The report comes to the conclusion that “more than half of the examined companies implement practically no measures to combat climate change.” That is not the case for Nike, Adidas and Mammut, however. The three sport and outdoor companies are positioned in the upper middle range.
Only H&M is rated better. Nike, Adidas and Mammut are leaving all other textile brands – like Hugo Boss and Calida – behind.
The authors of the study conclude that the big companies H&M, Nike, Adidas and the medium-sized Swiss company Mammut are showing visible progress toward a smaller environmental footprint.
For the textile rating, WWF examined twelve international brands from the clothing and textile industry in eleven different categories, using data provided by Oekom Research AG. These categories included aspects such as environmental management in the supply chain, raw materials, water usage and harmful substances in the manufacturing process.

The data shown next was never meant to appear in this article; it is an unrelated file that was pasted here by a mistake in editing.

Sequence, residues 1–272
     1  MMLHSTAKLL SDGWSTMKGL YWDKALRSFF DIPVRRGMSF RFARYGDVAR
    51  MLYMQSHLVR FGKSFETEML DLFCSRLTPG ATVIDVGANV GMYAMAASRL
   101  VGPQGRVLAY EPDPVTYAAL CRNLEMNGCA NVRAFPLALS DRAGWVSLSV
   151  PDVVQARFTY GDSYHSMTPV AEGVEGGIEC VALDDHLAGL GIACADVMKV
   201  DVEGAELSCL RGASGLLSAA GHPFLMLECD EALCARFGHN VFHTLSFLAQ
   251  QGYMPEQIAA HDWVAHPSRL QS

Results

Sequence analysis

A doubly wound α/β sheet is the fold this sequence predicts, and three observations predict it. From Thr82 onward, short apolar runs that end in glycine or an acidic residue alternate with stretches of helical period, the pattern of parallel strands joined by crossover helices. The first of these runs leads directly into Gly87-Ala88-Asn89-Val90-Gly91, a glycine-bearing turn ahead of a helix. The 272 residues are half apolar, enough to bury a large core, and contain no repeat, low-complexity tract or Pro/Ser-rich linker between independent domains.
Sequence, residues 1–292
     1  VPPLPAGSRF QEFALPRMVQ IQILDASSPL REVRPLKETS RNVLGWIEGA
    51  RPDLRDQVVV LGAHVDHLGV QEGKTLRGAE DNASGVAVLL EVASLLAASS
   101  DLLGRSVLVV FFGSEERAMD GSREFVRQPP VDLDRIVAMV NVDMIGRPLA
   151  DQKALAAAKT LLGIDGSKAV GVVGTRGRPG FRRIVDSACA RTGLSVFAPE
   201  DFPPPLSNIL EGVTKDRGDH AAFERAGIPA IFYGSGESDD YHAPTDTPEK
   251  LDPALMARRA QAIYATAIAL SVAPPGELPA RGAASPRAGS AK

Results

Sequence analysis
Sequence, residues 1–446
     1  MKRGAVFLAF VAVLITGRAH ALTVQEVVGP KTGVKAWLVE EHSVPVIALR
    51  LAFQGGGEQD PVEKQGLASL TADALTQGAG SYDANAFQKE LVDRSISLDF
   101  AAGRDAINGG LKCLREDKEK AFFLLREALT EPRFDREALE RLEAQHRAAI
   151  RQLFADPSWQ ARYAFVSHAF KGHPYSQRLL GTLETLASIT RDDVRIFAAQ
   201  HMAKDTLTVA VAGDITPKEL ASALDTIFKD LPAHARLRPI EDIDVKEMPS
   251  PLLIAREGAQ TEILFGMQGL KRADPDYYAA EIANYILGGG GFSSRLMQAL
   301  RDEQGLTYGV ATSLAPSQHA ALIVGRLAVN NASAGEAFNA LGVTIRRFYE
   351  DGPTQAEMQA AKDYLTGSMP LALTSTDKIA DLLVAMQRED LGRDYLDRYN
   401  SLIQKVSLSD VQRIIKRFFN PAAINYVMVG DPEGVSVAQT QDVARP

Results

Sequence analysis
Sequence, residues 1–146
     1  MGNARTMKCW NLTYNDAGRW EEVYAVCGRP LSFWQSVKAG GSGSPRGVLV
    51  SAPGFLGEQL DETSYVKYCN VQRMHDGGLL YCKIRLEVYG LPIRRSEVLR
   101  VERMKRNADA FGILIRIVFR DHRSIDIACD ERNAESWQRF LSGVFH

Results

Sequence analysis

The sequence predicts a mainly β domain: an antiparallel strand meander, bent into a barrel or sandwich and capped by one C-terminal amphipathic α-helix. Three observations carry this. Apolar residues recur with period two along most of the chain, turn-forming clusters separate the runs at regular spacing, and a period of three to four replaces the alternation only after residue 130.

Mammut feels reassured by the results. The company believes that its We Care strategy for the production of sustainable products is paying off. The aim of We Care is clean production and the reduction of the environmental footprint. The Swiss outdoors brand wants to achieve this goal by deliberately increasing the proportion of environmentally compatible materials and components it uses.
Mammut agrees with WWF, however, that there is still a lot of room for improvement in the area of sustainability within the industry.